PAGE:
Bounced Emails Can Yield Hidden Info


With most domain name privacy services, an email that is directed to the anonymized email address will automatically be forwarded to the domain owner’s email address. The sender won’t know the email address until the owner responds.

Yesterday, I was sending out some domain name offers and inquiries, and one of the emails bounced as undeliverable. This email happened to be a privacy service email, and I found a bit of a surprise when I opened it. The bounced email report showed the email address of the domain owner, and that gave me two important pieces of information that may prove to be helpful.

First and foremost, the email address will easily enable me to find out who owns the domain name. The email address actually used the person’s full name, but even if it didn’t, I could probably use a variety of tools to find out the person behind the email address. This will be helpful in contacting the owner via another email address and possibly through a different channel.

The second piece of information is also valuable. Because the email address bounced, I can assume other domain name inquiries also bounced. With that being the case, I presume nearly all of those people who emailed the person since the email address stopped function gave up on this domain name. Privacy has been enabled for many years and there hasn’t been a website for at least 7 years. Had I not noticed the owner’s email address in the bounced email, I probably would have put this name in the unreachable category since it would be time consuming to do the additional research.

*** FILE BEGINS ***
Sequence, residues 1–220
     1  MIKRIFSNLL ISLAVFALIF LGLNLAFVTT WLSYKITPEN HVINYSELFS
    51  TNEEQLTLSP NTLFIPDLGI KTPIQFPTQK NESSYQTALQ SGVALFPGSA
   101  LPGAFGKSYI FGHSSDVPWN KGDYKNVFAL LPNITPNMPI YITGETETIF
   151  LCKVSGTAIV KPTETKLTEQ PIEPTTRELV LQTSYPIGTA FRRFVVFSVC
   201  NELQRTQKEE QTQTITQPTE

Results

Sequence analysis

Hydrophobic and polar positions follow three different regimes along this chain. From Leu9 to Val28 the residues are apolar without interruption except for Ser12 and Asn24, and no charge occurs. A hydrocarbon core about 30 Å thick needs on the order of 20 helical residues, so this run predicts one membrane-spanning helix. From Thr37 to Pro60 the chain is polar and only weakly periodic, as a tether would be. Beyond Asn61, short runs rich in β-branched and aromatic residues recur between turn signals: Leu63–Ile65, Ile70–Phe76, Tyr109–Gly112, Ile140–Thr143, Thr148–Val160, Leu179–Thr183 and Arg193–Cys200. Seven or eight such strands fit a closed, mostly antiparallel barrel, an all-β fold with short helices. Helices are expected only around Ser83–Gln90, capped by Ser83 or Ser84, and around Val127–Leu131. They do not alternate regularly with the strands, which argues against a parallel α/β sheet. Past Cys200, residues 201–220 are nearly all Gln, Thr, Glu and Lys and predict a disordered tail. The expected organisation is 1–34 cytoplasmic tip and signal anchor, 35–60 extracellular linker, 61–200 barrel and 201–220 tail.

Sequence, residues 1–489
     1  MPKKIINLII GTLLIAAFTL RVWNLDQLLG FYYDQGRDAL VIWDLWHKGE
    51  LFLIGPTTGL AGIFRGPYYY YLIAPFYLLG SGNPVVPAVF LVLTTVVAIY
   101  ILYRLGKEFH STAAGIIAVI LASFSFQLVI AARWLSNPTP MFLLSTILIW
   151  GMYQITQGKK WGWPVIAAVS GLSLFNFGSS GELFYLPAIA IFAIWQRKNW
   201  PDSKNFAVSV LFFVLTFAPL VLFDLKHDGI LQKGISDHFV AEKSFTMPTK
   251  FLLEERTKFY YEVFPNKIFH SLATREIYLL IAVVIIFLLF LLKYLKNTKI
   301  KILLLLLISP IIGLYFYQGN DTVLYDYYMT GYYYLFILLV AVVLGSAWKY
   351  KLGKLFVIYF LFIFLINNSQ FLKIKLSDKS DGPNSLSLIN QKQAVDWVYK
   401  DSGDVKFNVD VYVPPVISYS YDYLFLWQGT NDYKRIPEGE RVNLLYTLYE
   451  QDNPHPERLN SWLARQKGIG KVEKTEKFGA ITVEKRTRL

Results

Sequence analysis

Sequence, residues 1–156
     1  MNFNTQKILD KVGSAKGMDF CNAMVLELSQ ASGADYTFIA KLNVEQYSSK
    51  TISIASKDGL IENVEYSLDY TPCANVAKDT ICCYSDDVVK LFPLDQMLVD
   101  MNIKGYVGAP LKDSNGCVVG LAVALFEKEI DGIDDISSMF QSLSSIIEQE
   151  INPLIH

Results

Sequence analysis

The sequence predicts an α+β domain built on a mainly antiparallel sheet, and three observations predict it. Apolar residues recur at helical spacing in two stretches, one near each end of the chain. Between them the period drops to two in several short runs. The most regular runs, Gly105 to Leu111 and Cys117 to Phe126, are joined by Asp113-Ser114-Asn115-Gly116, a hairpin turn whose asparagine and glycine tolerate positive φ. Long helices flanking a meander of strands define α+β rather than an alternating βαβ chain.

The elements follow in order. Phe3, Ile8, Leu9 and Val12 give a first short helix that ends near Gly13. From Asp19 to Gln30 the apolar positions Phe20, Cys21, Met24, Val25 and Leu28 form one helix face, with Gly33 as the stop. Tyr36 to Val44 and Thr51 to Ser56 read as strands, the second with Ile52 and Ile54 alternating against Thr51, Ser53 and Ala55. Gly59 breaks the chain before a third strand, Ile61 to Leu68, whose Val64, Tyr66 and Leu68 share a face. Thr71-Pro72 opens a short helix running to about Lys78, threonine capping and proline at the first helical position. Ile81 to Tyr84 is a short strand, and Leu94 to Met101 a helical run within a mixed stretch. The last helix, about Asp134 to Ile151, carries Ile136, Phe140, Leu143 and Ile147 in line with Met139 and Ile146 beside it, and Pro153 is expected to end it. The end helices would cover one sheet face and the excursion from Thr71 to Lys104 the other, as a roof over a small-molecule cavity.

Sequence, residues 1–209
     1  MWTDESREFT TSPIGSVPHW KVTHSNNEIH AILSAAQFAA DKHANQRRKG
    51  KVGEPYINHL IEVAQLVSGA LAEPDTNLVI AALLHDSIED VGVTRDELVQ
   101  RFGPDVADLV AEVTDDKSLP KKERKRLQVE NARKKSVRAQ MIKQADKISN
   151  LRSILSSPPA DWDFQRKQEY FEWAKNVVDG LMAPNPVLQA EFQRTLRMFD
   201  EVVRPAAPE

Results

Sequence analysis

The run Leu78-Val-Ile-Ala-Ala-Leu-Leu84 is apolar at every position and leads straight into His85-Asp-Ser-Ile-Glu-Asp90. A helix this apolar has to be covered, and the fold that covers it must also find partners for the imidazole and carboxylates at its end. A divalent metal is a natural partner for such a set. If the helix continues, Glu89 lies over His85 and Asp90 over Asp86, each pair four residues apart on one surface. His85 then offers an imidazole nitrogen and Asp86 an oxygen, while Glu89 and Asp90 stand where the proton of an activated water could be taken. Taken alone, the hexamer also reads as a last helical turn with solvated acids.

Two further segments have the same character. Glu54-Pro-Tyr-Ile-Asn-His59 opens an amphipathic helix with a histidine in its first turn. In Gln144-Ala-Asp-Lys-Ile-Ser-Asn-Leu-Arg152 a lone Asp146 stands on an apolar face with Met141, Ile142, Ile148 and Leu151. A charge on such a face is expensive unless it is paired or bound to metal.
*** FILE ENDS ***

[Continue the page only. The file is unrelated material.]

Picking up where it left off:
This domain name is going to be expensive (if it is even attainable), but knowing what I now know, it is worth a bit more to me. I should be able to get in touch with the owner more easily, and perhaps it will lead to a deal.

Every piece of information you can find can help bring you closer to making a deal.


  1. Sometimes the mere bouncing of the email does not indicate a full bouncing of all emails. One needs to carefully examine the headers, that might indicate e.g. that the recipient’s mailbox was non-existent, or full, or that the sender (you) was blocked for some reason.

    I get more ‘intel’ from return receipts, however. 😉

  2. In my experience the emails don’t always get forwarded, either. So when using privacy there is a risk that someone would buy your domain for $1 Million that you’d take in a second, but they are never able to reach you because the email never reaches you. Anyone ever consider that? It’s a very unpleasant thought, but sometimes you still want to use privacy. Maybe more domain investors need to test this for themselves so that there can be some publicity about private email forwarding not even working.

    • P.S. What are they going to think when they get no reply because you never got the email? Probably 99.99% of the time that you are ignoring it and that’s their answer, so they move on and you never get the $1 Million or whatever they would have gladly paid that you would have very gladly have accepted.

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